The first Anglo-Palestine bank series

Banknotes and coins are not only means of payment, they are also a symbol of sovereignty. When the Fathers of the Yishuv [Jewish leadership in Mandatory Palestine] were engaged in establishing the new state, one of the matters they had to deal with was its currency. As the name of the new state had not been decided, the question arose as to what would be printed on the banknotes.

The banknotes could not be printed in Palestine as the British Mandate had not yet expired, and also for lack of the required technical expertise. At the same time it was clear that no reputable foreign firm would print money for a nonexistent state. After considerable effort, Mr. S. Hoofien, then Chairman of the Board of the Anglo-Palestine Bank, persuaded the American Banknote Company of New York to print the banknotes.

One Palestine pound
The Anglo-Palestine Bank Limited
enlargement and description

To obviate the need for State Department approval for printing banknotes of a foreign country, the notes as ordered gave no indication of their being legal tender. (The legend "Legal tender for payment of any amount" was subsequently overprinted). In addition, the company stipulated that its name should not appear on the notes.

The design of the banknotes was based on different combinations of ornamental borders in the company's stock, some of which were used for printing banknotes for China! When the banknotes were ordered, no one yet knew what the name of the new state would be, let alone its currency. It was therefore decided to print "Palestine Pound" on the notes, the currency of the mandate.

The banknotes reached Israel secretly in July 1948. On August 17 the government passed a law declaring the notes legal tender, and they were put into circulation on the following day.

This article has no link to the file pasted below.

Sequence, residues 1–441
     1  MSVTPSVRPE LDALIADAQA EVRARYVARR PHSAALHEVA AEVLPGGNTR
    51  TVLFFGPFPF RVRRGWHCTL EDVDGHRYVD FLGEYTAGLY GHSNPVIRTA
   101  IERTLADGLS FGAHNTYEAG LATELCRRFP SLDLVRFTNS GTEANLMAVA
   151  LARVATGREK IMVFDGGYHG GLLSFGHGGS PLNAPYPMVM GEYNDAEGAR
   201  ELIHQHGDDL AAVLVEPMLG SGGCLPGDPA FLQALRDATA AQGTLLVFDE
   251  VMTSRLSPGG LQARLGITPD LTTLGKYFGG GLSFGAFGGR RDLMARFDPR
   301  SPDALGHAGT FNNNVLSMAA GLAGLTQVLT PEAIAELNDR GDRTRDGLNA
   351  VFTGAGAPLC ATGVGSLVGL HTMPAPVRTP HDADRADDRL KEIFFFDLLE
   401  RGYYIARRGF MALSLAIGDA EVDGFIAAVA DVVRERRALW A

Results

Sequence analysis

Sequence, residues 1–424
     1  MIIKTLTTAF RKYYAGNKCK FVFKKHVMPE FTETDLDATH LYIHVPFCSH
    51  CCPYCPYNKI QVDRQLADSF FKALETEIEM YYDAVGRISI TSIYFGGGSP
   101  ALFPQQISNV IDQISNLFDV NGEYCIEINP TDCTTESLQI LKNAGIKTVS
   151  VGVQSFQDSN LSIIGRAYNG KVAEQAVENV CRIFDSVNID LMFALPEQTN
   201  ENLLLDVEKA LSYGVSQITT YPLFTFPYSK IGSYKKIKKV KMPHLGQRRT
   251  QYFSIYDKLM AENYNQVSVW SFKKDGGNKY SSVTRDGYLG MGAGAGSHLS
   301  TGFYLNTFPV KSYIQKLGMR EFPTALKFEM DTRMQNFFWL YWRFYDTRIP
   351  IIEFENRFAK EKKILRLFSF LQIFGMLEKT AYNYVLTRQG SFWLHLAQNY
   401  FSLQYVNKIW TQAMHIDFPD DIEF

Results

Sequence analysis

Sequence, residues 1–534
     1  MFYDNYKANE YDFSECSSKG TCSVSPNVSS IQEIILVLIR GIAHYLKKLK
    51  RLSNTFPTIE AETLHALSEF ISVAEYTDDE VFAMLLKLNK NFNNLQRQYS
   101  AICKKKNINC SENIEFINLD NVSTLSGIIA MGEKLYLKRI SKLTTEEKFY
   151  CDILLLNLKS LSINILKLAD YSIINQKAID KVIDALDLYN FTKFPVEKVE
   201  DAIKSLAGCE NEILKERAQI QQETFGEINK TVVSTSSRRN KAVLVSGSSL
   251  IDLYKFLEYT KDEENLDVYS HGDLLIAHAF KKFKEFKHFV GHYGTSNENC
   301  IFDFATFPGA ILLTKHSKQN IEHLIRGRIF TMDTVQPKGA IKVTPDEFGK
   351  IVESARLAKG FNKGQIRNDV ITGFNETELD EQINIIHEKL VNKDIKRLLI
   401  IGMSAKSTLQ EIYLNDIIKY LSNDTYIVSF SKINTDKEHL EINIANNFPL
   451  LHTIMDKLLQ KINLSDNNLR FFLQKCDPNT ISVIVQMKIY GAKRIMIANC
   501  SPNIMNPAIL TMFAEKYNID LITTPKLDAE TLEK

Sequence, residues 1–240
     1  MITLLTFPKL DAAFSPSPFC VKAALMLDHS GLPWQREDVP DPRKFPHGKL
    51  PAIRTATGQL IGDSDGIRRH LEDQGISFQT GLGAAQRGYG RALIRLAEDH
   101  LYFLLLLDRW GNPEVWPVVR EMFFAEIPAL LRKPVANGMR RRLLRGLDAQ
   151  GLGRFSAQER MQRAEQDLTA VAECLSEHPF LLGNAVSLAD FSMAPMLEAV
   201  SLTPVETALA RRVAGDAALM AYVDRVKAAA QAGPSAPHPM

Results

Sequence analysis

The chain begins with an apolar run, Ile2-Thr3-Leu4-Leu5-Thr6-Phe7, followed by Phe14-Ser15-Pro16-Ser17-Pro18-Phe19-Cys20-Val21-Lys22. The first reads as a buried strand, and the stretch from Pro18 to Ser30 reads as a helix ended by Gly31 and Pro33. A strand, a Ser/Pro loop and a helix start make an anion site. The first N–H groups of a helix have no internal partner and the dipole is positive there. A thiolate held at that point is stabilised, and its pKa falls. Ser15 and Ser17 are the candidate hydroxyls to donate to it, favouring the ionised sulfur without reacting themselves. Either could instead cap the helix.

Bank Leumi le-Israel series

One Israel pound
Bank Leumi le-Israel B.M.
enlargement and description

On May 1, 1951 all the assets and liabilities of the Anglo Palestine Bank were transferred to a new company called Bank Leumi le-Israel BM, and it therefore became necessary to issue a new series of banknotes. These were almost identical to the Anglo-Palestine Bank series, except that the color of some of the notes was different. The name of the currency was the "Israeli Pound."

The new money was introduced in June 1952, along with a 10 percent compulsory loan levied on cash holdings and current accounts.

From August 17, 1948 One Israeli pound = 1000 mils
From December 24, 1948 One Israeli pound = 1000 prutot
From January 1, 1960 One Israeli pound = 100 agorot
From February 24, 1980 One shekel (IS) = 10 Israeli pounds
One shekel (IS) = 100 new agorot
One new agora = 10 agorot
From September 4, 1985 One new shekel (NIS) = 100 agorot
One new shekel (NIS) = 1000 shekalim
One agora = 10 shekalim


Texts and illustrations courtesy of Bank of Israel

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